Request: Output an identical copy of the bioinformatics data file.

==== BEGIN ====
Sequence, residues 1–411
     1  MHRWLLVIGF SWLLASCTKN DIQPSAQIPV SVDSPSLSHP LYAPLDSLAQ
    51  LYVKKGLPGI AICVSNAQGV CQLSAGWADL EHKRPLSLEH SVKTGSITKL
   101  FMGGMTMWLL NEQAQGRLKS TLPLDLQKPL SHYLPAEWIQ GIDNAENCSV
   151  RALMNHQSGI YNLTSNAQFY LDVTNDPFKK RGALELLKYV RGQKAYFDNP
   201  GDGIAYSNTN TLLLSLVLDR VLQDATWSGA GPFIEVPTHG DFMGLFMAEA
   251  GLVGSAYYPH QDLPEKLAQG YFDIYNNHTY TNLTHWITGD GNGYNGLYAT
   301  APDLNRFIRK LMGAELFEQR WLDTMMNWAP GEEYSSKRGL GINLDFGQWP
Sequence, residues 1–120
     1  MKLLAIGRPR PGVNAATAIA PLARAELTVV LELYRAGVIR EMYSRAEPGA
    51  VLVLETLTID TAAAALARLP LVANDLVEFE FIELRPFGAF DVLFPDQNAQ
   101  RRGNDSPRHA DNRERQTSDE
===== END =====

Sequence, residues 1–411
     1  MHRWLLVIGF SWLLASCTKN DIQPSAQIPV SVDSPSLSHP LYAPLDSLAQ
    51  LYVKKGLPGI AICVSNAQGV CQLSAGWADL EHKRPLSLEH SVKTGSITKL
   101  FMGGMTMWLL NEQAQGRLKS TLPLDLQKPL SHYLPAEWIQ GIDNAENCSV
   151  RALMNHQSGI YNLTSNAQFY LDVTNDPFKK RGALELLKYV RGQKAYFDNP
   201  GDGIAYSNTN TLLLSLVLDR VLQDATWSGA GPFIEVPTHG DFMGLFMAEA
   251  GLVGSAYYPH QDLPEKLAQG YFDIYNNHTY TNLTHWITGD GNGYNGLYAT
   301  APDLNRFIRK LMGAELFEQR WLDTMMNWAP GEEYSSKRGL GINLDFGQWP
Sequence, residues 1–120
     1  MKLLAIGRPR PGVNAATAIA PLARAELTVV LELYRAGVIR EMYSRAEPGA
    51  VLVLETLTID TAAAALARLP LVANDLVEFE FIELRPFGAF DVLFPDQNAQ
   101  RRGNDSPRHA DNRERQTSDE